Illinois volunteers were welcomed to Chicagoland for the Illinois Master Gardener State Conference in Tinley Park on Sept. 9 as they returned to in-person training.
“We are excited to again gather over 280 volunteers from across the state for our annual conference,” says Candice Anderson, University of Illinois Extension state Master Gardener specialist. “This conference is our chance to recognize excellence among our volunteers and reaffirm what we at Illinois Extension already knew to be the case all along: Horticulture brings communities together.”
The conference, hosted by the Master Gardener team from Will County and coordinated by Nancy Kuhajda, Extension horticulture program coordinator, included educational sessions, a keynote address, and tours of botanical areas Northern Illinois.
“We are grateful for an amazing conference this year and look forward to a great conference next year in Peoria,” says Anderson.
“The interactive nature of this conference, with its wide range of learning and skill building opportunities, is something I’m very proud of,” says Kuhajda. “With tours on the first day that included an exclusive behind the scenes look at the inner workings of botanical areas and amazing speakers and sessions on the second day, conference participants came away with knowledge they can take directly back to their communities and make an even bigger difference.”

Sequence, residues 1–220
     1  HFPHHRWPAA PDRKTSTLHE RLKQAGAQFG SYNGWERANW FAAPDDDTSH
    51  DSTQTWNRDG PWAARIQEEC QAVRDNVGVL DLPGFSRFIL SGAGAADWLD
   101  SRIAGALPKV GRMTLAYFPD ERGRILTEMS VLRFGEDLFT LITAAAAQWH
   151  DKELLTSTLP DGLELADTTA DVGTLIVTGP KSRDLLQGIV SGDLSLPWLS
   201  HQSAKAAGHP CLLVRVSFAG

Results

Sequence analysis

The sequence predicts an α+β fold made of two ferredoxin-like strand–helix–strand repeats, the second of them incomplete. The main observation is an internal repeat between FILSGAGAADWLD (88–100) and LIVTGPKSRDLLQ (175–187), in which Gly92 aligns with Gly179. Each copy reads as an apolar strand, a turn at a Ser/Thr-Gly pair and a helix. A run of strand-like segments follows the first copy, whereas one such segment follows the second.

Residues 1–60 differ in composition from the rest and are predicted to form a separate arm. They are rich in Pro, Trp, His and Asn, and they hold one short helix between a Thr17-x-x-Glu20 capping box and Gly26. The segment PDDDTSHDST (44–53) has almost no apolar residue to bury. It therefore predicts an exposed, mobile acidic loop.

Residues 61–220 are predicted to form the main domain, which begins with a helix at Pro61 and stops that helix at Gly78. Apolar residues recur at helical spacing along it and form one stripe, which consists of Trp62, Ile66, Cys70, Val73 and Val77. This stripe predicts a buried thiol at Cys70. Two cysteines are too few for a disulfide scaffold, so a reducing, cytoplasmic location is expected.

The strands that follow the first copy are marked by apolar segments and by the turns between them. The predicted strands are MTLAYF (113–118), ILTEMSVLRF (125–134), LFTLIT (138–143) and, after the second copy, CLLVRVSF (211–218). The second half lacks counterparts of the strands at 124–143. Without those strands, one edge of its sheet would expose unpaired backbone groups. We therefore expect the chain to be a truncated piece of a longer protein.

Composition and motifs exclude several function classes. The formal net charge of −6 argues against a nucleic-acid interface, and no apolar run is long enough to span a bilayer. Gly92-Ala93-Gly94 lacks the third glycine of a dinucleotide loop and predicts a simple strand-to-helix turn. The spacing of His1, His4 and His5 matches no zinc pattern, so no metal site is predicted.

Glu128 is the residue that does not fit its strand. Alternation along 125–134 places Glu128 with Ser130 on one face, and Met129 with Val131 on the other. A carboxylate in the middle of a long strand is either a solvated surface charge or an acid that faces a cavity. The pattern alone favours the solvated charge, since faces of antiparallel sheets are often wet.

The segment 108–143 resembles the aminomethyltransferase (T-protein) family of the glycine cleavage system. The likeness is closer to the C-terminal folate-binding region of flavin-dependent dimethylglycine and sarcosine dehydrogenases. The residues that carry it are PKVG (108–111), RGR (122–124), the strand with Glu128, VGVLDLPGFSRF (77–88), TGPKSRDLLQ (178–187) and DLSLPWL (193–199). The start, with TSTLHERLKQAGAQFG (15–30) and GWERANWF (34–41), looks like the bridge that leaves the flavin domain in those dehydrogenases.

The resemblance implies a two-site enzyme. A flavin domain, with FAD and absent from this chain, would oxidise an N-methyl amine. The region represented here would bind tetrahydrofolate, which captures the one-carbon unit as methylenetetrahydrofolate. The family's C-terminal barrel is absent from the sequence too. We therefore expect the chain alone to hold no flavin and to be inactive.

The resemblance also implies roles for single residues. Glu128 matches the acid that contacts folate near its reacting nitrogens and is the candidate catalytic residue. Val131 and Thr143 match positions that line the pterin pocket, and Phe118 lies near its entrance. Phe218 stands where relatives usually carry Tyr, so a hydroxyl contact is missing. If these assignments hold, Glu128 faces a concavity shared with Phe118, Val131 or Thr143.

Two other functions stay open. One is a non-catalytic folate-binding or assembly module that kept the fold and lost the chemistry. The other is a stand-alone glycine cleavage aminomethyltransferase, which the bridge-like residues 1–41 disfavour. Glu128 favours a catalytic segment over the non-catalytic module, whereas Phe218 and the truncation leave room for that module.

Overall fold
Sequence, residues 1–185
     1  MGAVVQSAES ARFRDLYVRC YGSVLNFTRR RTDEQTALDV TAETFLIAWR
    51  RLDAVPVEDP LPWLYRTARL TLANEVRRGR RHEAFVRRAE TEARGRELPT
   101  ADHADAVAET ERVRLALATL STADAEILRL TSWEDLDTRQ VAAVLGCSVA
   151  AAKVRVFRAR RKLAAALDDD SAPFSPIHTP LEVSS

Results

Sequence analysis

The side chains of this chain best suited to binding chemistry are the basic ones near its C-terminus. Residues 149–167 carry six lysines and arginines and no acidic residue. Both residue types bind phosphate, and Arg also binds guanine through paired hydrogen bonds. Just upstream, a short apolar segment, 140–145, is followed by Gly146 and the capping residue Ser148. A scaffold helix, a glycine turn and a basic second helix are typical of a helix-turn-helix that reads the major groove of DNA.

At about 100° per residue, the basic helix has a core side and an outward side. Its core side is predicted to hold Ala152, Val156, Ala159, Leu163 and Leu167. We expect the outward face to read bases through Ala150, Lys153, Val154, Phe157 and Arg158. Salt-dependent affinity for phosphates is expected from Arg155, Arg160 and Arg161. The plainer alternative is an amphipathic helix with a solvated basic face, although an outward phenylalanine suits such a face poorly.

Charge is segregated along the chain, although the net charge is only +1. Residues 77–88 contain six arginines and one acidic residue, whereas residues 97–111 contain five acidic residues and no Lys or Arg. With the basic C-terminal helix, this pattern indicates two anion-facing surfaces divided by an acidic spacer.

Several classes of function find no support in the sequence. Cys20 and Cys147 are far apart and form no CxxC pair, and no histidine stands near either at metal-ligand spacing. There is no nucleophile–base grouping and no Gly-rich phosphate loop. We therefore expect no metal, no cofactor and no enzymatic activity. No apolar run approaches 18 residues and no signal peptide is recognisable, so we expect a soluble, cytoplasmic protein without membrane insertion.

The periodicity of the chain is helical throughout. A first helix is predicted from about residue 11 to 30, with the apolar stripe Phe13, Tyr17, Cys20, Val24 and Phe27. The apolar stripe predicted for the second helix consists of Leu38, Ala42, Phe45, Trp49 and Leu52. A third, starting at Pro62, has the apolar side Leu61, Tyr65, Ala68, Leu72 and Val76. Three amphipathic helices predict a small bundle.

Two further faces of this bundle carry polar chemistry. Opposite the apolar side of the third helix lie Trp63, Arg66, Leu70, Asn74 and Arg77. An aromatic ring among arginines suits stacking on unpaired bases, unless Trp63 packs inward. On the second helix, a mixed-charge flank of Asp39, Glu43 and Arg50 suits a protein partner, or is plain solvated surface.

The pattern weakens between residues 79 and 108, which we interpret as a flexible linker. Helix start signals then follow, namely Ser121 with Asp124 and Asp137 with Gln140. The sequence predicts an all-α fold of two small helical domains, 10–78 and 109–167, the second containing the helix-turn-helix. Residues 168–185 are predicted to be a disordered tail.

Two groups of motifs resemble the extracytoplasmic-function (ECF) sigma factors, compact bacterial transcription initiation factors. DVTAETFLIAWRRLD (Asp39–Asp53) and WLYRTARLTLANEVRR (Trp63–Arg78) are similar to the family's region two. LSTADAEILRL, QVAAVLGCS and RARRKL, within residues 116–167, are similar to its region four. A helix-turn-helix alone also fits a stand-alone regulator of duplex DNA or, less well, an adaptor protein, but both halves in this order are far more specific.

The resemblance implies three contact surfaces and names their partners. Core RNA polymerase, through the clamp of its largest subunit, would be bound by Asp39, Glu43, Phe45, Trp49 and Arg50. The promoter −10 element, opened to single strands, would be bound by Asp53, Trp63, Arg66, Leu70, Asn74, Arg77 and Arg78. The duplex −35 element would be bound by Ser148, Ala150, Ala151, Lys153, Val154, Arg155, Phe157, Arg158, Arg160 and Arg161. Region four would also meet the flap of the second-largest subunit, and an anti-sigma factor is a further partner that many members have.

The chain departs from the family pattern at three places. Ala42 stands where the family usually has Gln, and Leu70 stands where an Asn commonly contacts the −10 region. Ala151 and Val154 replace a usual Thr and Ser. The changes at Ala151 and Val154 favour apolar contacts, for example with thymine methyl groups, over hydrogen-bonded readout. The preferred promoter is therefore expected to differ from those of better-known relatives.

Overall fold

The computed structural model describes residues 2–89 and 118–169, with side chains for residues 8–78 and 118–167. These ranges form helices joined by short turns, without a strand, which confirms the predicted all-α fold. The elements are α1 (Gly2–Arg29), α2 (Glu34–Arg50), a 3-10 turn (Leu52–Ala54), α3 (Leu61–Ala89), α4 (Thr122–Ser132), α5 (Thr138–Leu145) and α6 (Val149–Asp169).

Tour sites included the Morton Arboretum, Cantigny Gardens, and Ball Trial Seed Gardens. Topics of the educational sessions ranged from tree identification to information technology for Master Gardeners. Session speakers included high school educator and artist Carrie Carlson; Marshall Dirks of Proven Winners; Extension specialists Chris Evans, Dan Horn, and Diane Plewa; and Extension educators Jennifer Fishburn, Erin Garret, and Ken Johnson.
The 280 participants represent a small subsection of over 2,700 volunteers across the state who contribute more than 137,600 volunteer hours annually to their communities and represents a time investment valued at over $4,261,470 (based on Independent Sector Illinois value of volunteer time).
Award recipients include:
Sustained Excellence Award
Debbie Andrews-Bryant (Vermilion County), Josephine Boyle (South Suburban Cook County), Lori Brown (DeKalb County), Janice Buscher (Sangamon County), Suzanne Campbell (Will County), Jane Chapman (Perry County), Andrea Churchill (Rock Island County), Carol Csanda (McLean County), Deanna Dyer (Saline County), Barb Gaffron (McLean County), Barbara Hannon (Macon County), Carla Haselhorst (Clinton County);
Ron Hendrickson (Winnebago County), Cathy Hiser (Coles County), Karla Kane (Peoria County), Julie Karmeier (Washington County), Dian Langenhorst (Clinton County), Diane Miller (Lake County), Carol Mills (Logan County), Loretta Neuberger (Lake County), Carol Ogle (Tazewell County), Mare Payne (Piatt County), Annette Peugh (Tazewell County), Sara Pohl (Ogle County), Ellen Rice (Tazewell County), Linda Rinaldi (Tazewell County), Audrey Rowe (Vermilion County), Gail Sanders (DuPage County), Wanda Shuler (McLean County);